Authors:Martin Benning; Martin Burger Pages: 1 - 111 Abstract: Regularization methods are a key tool in the solution of inverse problems. They are used to introduce prior knowledge and allow a robust approximation of ill-posed (pseudo-) inverses. In the last two decades interest has shifted from linear to nonlinear regularization methods, even for linear inverse problems. The aim of this paper is to provide a reasonably comprehensive overview of this shift towards modern nonlinear regularization methods, including their analysis, applications and issues for future research.In particular we will discuss variational methods and techniques derived from them, since they have attracted much recent interest and link to other fields, such as image processing and compressed sensing. We further point to developments related to statistical inverse problems, multiscale decompositions and learning theory. PubDate: 2018-05-01T00:00:00.000Z DOI: 10.1017/S0962492918000016 Issue No:Vol. 27 (2018)

Authors:Nawaf Bou-Rabee; J. M. Sanz-Serna Pages: 113 - 206 Abstract: This paper surveys in detail the relations between numerical integration and the Hamiltonian (or hybrid) Monte Carlo method (HMC). Since the computational cost of HMC mainly lies in the numerical integrations, these should be performed as efficiently as possible. However, HMC requires methods that have the geometric properties of being volume-preserving and reversible, and this limits the number of integrators that may be used. On the other hand, these geometric properties have important quantitative implications for the integration error, which in turn have an impact on the acceptance rate of the proposal. While at present the velocity Verlet algorithm is the method of choice for good reasons, we argue that Verlet can be improved upon. We also discuss in detail the behaviour of HMC as the dimensionality of the target distribution increases. PubDate: 2018-05-01T00:00:00.000Z DOI: 10.1017/S0962492917000101 Issue No:Vol. 27 (2018)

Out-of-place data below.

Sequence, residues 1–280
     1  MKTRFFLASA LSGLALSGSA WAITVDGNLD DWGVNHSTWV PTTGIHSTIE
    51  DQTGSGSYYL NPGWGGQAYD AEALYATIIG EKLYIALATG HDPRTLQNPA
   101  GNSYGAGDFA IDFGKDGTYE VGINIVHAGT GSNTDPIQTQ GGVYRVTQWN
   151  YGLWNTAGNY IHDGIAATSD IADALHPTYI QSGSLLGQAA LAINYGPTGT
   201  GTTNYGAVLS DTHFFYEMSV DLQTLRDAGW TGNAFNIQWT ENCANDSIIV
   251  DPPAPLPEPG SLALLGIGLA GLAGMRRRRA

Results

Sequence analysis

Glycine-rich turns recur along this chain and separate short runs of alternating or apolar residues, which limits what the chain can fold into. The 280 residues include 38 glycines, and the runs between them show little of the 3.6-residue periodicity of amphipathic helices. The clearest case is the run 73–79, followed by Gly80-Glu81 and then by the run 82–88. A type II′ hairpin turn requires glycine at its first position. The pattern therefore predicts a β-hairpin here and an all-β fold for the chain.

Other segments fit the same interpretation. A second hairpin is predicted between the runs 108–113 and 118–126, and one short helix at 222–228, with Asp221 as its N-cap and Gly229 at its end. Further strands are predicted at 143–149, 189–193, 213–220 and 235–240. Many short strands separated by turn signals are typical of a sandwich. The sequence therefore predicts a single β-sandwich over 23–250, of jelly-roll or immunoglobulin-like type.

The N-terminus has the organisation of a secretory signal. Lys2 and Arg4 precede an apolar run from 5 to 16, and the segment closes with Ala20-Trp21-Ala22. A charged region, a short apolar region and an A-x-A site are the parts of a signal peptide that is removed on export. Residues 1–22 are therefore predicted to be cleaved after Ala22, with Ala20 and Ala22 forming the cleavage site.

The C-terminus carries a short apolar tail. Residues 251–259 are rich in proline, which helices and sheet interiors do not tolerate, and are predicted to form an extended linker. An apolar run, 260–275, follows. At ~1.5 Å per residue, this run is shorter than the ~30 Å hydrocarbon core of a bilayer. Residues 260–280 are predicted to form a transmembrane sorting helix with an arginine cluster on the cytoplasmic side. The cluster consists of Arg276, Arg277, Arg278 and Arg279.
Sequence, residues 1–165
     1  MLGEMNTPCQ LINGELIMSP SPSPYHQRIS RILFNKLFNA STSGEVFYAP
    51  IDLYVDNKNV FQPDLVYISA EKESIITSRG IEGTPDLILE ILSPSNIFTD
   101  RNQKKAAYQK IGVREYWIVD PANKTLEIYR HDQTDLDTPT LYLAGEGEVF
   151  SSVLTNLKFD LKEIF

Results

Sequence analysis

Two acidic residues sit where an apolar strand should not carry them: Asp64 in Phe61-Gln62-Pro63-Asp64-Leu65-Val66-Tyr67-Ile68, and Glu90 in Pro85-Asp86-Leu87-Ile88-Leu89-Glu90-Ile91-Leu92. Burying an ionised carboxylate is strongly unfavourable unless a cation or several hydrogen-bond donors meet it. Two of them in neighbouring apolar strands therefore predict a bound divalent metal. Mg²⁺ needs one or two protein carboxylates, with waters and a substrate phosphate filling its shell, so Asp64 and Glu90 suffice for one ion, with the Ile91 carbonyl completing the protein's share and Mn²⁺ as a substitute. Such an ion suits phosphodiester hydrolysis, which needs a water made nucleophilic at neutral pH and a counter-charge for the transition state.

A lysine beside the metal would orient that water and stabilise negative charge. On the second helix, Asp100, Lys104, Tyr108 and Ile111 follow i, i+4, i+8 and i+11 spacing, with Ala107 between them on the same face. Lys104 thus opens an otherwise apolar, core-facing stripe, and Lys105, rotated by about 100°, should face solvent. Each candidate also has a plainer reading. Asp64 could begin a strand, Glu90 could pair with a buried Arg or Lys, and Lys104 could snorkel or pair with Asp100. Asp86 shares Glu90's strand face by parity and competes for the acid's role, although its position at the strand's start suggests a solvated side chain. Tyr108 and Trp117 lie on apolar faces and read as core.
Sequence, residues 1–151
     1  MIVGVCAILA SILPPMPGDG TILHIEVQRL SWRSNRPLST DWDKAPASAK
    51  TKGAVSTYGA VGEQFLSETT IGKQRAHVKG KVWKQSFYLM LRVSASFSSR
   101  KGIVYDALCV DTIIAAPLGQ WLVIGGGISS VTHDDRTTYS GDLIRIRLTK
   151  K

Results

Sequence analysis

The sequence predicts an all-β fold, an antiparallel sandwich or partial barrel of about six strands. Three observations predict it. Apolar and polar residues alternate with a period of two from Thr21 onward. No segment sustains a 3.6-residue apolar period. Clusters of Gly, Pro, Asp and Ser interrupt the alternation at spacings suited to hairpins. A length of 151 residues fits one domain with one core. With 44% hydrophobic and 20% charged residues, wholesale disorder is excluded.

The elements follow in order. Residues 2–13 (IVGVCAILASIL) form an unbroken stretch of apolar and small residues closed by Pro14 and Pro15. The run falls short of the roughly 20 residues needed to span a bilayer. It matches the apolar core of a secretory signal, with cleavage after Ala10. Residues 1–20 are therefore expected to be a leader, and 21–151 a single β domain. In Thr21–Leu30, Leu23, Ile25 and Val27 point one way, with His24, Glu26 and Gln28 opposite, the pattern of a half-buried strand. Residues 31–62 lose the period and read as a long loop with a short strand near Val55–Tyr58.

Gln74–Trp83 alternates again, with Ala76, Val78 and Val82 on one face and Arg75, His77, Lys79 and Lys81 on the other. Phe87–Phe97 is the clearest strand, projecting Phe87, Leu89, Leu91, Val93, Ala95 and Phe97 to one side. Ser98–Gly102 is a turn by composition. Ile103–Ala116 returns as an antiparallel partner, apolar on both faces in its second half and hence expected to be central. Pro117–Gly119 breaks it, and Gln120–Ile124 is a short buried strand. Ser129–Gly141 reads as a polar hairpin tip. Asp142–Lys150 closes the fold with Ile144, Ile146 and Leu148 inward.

Authors:C. T. Kelley Pages: 207 - 287 Abstract: This article is about numerical methods for the solution of nonlinear equations. We consider both the fixed-point form $\mathbf{x}=\mathbf{G}(\mathbf{x})$ and the equations form $\mathbf{F}(\mathbf{x})=0$ and explain why both versions are necessary to understand the solvers. We include the classical methods to make the presentation complete and discuss less familiar topics such as Anderson acceleration, semi-smooth Newton’s method, and pseudo-arclength and pseudo-transient continuation methods. PubDate: 2018-05-01T00:00:00.000Z DOI: 10.1017/S0962492917000113 Issue No:Vol. 27 (2018)